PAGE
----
Malware continues to increase in sophistication and
routinely evades organizations' cyber defenses. It lurks
inside networks, often for months, executing or waiting
to execute attacks that can cause significant damage.
Even though the industry has developed various
technologies to bolster detection and response,...
Hackers have been increasingly probing the North American power grid for weaknesses, but the industry - driven in part by regulators - is increasingly able to identify and repel attackers, industrial cybersecurity experts say.
Is it possible that a nation-state actor such as Iran could create a cybersecurity incident that compromises the U.S. power grid? Bernie Cowens, most recently CISO at the nation's largest electric utility, says that's unlikely because the power grid is more cybersecure than you might think.
Security experts speaking on the ending "locknote" panel at this year's Black Hat Europe highlighted trends from the conference, including the rise of fuzzing, simplification via the cloud, increasing vendor transparency as well as the industry too often still failing to focus on the basics.
Russian attack group Turla has been named and shamed for hijacking Iranian nation-state attackers' infrastructure. The aim of GCHQ and NSA's attribution is, in part, to make Turla's future cyber espionage efforts more costly and time-consuming.
It's one thing to know your attackers. It's another to emulate some of their techniques so you can improve your own enterprise defenses. Craig Harber, CTO of Fidelis Cybersecurity, is an advocate of this "think like an attacker" defensive strategy.
Robotic process automation aims to use machine learning to create bots that automate high-volume, repeatable tasks. But as organizations tap RPA, they must ensure they take steps to maintain data security, says Deloitte's Ashish Sharma.
Nation-state attackers have been targeting known flaws that customers have yet to patch in their Pulse Secure, Palo Alto and Fortinet VPN servers, Britain's National Cyber Security Center warns, adding that any organization that didn't immediately apply patches should review logs for signs of hacking.
"Cyberattacks are one of the unfortunate realities of doing business today," reads gaming company Zynga's data breach notification, thus breaking the first rule of crisis management: Own your mistakes. Hacker Gnosticplayers claims the company was still storing passwords using outdated SHA1.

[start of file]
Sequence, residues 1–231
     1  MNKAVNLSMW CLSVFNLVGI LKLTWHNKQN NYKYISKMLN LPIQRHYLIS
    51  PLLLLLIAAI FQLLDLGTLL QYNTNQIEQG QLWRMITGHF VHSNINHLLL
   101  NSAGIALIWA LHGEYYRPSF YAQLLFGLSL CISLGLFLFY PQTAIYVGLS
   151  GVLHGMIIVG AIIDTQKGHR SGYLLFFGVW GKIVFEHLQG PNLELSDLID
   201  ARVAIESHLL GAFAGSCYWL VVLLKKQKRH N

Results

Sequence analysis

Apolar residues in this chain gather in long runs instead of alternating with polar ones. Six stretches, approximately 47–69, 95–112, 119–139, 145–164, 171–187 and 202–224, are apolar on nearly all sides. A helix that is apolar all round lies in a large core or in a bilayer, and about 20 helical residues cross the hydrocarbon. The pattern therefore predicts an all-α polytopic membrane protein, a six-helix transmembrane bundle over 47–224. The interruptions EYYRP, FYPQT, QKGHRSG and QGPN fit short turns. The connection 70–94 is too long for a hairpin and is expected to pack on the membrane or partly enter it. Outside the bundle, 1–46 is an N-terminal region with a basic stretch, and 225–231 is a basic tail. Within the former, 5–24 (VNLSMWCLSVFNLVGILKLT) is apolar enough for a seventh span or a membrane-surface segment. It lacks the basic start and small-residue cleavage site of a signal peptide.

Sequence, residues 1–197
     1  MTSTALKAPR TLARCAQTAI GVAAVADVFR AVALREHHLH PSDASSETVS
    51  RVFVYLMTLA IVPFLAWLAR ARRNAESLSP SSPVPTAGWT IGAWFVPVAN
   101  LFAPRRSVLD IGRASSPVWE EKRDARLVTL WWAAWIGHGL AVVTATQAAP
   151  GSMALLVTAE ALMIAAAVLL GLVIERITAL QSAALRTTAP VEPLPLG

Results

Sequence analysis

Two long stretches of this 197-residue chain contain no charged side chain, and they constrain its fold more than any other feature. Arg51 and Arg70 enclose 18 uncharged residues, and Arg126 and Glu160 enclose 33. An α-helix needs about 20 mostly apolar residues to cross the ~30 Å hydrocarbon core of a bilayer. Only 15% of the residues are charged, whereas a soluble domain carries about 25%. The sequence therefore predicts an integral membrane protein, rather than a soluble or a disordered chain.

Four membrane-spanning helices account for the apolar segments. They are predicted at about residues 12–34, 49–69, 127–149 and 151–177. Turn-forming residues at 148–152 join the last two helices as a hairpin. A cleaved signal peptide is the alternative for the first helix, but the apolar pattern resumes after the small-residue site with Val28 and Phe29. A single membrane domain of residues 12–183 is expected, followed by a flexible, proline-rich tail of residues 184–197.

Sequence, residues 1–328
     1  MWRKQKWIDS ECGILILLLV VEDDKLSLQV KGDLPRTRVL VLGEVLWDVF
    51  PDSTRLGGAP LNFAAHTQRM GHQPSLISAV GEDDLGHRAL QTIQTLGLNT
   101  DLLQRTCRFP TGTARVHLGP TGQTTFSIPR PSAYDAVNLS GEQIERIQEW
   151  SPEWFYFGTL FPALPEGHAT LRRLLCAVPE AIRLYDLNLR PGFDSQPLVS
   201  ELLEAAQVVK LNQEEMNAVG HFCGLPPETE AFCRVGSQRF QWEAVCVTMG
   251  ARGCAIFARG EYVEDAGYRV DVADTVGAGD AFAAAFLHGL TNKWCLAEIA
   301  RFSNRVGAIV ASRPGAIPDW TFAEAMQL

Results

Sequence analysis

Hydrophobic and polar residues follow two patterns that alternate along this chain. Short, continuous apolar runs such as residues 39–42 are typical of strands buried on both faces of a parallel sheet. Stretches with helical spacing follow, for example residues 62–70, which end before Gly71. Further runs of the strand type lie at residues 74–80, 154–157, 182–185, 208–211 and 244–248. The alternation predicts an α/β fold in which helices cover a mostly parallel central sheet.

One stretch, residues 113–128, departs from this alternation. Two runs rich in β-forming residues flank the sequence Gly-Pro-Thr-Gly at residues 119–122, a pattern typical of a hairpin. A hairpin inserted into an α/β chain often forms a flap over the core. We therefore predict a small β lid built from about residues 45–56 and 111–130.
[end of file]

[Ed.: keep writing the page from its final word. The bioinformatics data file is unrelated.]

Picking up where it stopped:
The healthcare vertical faces a range of threat actors and malicious activity. Given the critical role it plays within society and its relationship with our most sensitive information, the risk to this sector is especially consequential. To move beyond compliance with current regulations and address the everchanging...
Since at least 2016, hacked websites have targeted zero-day flaws in current versions of Apple iOS to surreptitiously implant data-stealing and location-tracking malware, says Google's Project Zero team. Apple patched the latest vulnerabilities in February.
Fortinet's FortiGuard Labs global threat research team is creating research playbooks that provide deep-dive analysis of not only threat trends, but also cybercriminal and adversary tools and techniques. Derek Manky and Tony Giandomenico discuss the playbook model and how it can help in the fight against cybercrime.
In-App Protection Crucial for High-Value Applications
How do you prevent applications from becoming a security failure? According to Gartner, by deploying in-app protection capabilities that include hardening techniques, application monitoring, anti-tampering, and threat analytics.
In the 2019 Market Guide for...
George Orwell's "1984" posited a world in which Big Brother monitored us constantly via "telescreens." But thanks to our "smart" AI home assistants - from Google, Amazon and others - we're increasingly installing the monitoring equipment ourselves, and it may "hear" much more than we realize.
Together with President Donald Trump and the EU Copyright Directive, the U.K's Internet Services Providers' Association has nominated Mozilla as one of its three nominees for "internet villain" of the year. Its purported crime has been to advance a more secure version of the domain name system.